This has been one of those weeks when I’ve had to stop and remember what day it is at least a few times. Every day has been so full, that it’s hard to believe it’s only been a week. Time’s funny like that. The same amount of it – whether an hour or a month – can feel long or short, fast or slow, depending on how much and what you’re doing. Basically, depending on where your head’s at through most of it.
Our “no-fail” mindfulness challenge for this weekend starts with a throwback to earlier this week, when we talked about those times when your head – and heart – get stuck in the negative zone. As human beings, we have a tendency to cling to thoughts and feelings that don’t make us feel good, sometimes just because they feel familiar. Comfortably uncomfortable, you might say. We replay tough conversations, dig into narratives of self-judgment and unworthiness, and essentially invite the vibes we don’t like to stay the longest.
We are so willing to admit that joy is short-lived, but when we’re sad, we think it’s forever, which only becomes a self-fulfilling prophecy.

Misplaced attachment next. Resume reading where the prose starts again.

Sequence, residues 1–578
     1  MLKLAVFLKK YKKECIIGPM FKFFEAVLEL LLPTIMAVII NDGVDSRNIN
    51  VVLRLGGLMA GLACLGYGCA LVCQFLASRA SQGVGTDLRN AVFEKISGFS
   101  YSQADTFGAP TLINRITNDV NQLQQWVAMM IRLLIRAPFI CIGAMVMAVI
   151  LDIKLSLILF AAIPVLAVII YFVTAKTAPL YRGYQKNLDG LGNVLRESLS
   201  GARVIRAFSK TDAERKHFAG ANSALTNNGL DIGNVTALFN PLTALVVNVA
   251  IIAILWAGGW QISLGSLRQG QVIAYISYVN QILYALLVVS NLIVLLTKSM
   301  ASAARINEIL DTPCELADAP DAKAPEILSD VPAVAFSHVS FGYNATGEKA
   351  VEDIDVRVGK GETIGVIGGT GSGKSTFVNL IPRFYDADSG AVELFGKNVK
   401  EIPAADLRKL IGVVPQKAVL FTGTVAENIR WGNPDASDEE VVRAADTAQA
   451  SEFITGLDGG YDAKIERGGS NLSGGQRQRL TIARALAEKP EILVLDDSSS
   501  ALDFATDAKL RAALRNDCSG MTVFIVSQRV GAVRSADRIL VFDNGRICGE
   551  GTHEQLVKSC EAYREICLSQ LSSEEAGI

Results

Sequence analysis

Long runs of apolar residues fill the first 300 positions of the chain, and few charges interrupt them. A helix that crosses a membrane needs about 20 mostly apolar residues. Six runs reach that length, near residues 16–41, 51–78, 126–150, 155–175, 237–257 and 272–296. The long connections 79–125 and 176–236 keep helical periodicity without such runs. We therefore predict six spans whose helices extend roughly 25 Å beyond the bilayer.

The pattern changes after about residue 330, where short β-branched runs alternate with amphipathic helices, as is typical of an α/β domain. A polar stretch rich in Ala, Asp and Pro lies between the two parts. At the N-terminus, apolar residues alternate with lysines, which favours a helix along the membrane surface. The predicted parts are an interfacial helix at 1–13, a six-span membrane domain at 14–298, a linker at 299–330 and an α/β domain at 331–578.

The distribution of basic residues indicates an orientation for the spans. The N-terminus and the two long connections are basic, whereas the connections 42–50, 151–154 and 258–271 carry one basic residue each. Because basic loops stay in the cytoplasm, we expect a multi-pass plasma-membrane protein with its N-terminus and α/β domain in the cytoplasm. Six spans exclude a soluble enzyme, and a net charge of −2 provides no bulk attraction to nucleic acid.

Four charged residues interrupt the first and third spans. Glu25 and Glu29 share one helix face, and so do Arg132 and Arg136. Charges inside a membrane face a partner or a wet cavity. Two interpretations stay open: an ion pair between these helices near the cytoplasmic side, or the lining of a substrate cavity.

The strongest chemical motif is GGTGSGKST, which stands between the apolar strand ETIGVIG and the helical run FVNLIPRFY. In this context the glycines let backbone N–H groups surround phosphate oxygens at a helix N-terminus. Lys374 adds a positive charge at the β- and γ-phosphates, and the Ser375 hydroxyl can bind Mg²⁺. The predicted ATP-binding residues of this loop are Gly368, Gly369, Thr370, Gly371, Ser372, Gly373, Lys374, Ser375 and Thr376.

The fastest way to get your emotions off the extended-stay plan is to notice them. I know that sounds crazy, because when have you had an emotion you didn’t notice?
Probably more often than you realize. Emotions go undetected when your thoughts decide they’re unwelcome. That doesn’t mean they go away, but it does mean that you’re less likely to register them consciously. Your body knows, though. Clenched fists or jaw even though you’re “definitely not angry anymore”? Stomach or headaches even though “everything’s fine”? There you go: exhibit A…and maybe B and C, too.
Your “mindfulness challenge” this weekend is about not shutting them down. Don’t worry (ha! a feeling!), you don’t have to keep it up all weekend long. But, you should designate a certain period of time to be on the lookout for the ways you feel at different points in time. The goal here is neither to hang on tight, nor to push away. It’s simply to notice when an emotion arises, take note of how it feels, and observe how it finds its way out of you when you don’t give it any good reason to stay.
It’s not an easy balance to strike, this noticing without attachment thing. It takes practice, which is what this weekend is all about. It will also help you develop the ability to distinguish between what’s actually happening, versus the story unfolding in your mind about what’s happening.
There’s only a difference if you notice it. Otherwise, what you feel is what you get.
Photo credit: Min An